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What to do with the House? Work Closely with Your Collaborative Team to Find an Option Right for You

Posted by Patrick Ward | Apr 15, 2021 | 0 Comments

For many families, the primary residence is usually one of the most significant assets, and for many divorcing couples, their primary source of property to be split in a just and proper manner is the residence. Unfortunately, this can be a difficult and emotional experience. It is essential to work together with your Collaborative Team, including your attorneys, financial planner, and Divorce Coach, to determine the best way to work together to decide what to do with the house.

Assuming that both spouses contributed to the house's acquisition, here are three suggestions to split the asset. First, you and your spouse can agree to sell the house and distribute the profits after paying off the mortgage. As with any home sale, the parties should talk with a financial neutral to discuss any tax ramifications associated with the home sale. One of the benefits of this option is that it could help pay down other debts. Your Collaboratively trained financial neutral can help you determine whether this is a viable option for your particular situation.

The second option is for one spouse to keep the house and buy out the other. The benefit of this option is that it provides flexibility. For example, one spouse could agree to take on all of the debt in exchange for no equity distribution. Or, the client could agree that the spouse keeping the house could pay the other for a fair and equitable share of the debt and equity in the home. There is a range of flexibility with this option. The clients should work closely with their Collaborative Team to discuss possibilities if one spouse chooses to keep the house.

Either of these two options requires that the clients carefully ensure that only the person who keeps the house stays on the deed and is required to pay the mortgage. Also, the clients should work closely with their team to ensure that everyone agrees about who is selling the house, who is buying the house, who is assessing the value, who will choose the realtor, how the realtor will be paid, who the title agent will be, and that all the paperwork is completed and filed promptly. It is essential to be specific in these agreements.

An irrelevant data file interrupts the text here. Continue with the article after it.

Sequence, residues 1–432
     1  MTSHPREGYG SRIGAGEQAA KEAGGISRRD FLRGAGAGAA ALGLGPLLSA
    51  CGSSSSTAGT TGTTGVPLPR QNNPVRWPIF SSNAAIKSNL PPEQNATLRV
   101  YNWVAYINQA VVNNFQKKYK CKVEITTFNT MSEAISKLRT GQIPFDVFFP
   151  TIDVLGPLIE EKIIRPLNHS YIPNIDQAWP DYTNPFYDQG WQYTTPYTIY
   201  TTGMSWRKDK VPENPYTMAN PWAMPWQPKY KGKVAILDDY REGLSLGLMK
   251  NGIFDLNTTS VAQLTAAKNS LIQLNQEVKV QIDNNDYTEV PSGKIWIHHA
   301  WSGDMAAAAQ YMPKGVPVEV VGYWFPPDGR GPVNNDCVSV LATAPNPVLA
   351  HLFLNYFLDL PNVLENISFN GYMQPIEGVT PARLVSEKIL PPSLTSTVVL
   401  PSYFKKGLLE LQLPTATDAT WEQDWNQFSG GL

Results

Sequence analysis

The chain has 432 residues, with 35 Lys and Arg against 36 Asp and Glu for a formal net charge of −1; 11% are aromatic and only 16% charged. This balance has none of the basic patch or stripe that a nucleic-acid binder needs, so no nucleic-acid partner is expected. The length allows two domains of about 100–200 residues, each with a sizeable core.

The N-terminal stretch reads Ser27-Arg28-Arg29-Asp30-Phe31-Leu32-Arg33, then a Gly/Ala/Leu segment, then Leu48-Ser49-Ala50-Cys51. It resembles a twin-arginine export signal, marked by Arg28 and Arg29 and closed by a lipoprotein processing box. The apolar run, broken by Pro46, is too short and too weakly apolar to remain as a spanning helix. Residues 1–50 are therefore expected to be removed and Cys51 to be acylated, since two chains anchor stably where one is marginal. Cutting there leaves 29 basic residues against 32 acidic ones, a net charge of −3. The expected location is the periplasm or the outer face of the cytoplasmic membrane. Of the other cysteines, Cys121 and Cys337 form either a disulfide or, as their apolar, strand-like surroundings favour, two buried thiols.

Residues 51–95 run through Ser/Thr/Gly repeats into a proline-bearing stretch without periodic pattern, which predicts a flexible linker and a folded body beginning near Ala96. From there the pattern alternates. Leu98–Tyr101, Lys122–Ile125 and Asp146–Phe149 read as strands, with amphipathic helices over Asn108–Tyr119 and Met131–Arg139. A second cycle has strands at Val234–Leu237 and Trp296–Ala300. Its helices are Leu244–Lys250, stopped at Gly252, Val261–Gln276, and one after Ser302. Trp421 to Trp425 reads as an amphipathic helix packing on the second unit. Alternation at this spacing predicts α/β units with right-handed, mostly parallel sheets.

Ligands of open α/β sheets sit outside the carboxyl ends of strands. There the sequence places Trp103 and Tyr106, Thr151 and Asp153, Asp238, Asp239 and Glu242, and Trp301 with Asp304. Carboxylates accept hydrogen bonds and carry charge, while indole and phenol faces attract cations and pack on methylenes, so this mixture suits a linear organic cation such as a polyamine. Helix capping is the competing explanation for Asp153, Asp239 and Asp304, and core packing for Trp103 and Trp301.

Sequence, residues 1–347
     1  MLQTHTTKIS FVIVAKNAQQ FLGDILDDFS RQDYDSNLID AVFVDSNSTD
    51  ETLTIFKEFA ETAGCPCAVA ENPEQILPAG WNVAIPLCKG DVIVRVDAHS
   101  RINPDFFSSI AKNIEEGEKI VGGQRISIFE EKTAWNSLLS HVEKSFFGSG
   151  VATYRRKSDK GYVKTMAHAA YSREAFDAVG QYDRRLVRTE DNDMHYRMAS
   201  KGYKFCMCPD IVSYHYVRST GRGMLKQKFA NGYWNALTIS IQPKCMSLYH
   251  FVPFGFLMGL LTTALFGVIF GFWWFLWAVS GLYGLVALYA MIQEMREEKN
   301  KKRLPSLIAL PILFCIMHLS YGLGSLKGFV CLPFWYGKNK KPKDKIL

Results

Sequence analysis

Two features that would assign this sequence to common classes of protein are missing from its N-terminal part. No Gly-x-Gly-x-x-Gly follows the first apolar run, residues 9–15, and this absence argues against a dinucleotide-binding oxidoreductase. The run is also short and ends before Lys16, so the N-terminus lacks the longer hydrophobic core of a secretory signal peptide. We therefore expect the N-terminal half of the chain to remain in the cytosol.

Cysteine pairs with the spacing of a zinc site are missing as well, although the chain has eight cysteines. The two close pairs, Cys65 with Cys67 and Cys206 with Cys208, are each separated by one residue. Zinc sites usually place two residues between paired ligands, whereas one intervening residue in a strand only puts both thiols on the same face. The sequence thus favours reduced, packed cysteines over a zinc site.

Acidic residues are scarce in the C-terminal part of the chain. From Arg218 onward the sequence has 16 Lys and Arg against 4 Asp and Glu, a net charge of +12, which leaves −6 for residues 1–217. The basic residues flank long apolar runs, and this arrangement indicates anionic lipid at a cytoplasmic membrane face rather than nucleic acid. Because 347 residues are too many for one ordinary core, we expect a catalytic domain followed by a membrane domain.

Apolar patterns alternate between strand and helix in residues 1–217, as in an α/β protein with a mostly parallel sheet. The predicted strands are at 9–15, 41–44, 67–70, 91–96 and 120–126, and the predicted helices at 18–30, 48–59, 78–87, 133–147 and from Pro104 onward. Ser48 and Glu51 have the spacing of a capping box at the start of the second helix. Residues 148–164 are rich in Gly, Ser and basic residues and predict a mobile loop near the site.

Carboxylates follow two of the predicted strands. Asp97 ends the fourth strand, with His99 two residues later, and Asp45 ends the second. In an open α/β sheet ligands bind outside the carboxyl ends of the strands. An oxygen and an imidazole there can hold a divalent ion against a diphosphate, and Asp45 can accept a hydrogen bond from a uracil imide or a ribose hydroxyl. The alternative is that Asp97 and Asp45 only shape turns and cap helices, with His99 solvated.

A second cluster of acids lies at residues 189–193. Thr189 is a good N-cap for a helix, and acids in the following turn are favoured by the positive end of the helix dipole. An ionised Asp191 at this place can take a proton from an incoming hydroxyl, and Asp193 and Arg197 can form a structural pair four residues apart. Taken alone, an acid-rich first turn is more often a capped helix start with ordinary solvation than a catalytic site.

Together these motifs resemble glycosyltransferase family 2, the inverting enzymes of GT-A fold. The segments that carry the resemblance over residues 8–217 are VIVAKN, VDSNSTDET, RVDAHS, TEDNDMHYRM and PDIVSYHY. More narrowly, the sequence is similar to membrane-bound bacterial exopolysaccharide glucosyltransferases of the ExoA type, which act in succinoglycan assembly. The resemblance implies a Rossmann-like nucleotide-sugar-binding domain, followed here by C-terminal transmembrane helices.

A third option that some families consider is "nesting." Most divorces require two residences, one for each spouse. However, if children are involved, some families choose to ensure that they remain in the family residence. Under the nesting concept, the children stay in the family home and the parents' transition between the two residences. The purpose is to maintain stability for the children – especially young children. However, the parents need to be aware that they will be sharing a residence with their former spouse – except that they will not be living together. This situation requires a great deal of flexibility by the parents. And, it requires that the parents work together to create a structured schedule for the children. Financially, the clients need to be prepared to pay for two residences in exchange for family stability.

These are just three options and does not represent the universe of possibilities. As with all major decisions to be made during the divorce, it is essential for a divorcing couple to work closely with their Collaborative Divorce team, including their attorneys, their financial neutral, and their divorce coach, to identify a solution that will work for their family when considering how to address the family home during the divorce process.

About the Author

Patrick Ward

Patrick Ward is a Mediator and Collaborative Divorce Attorney who is committed to emotionally healthy and child-centered solutions to family conflict, such as divorce or custody disputes. He is a flexible, creative, and committed resource for clients.


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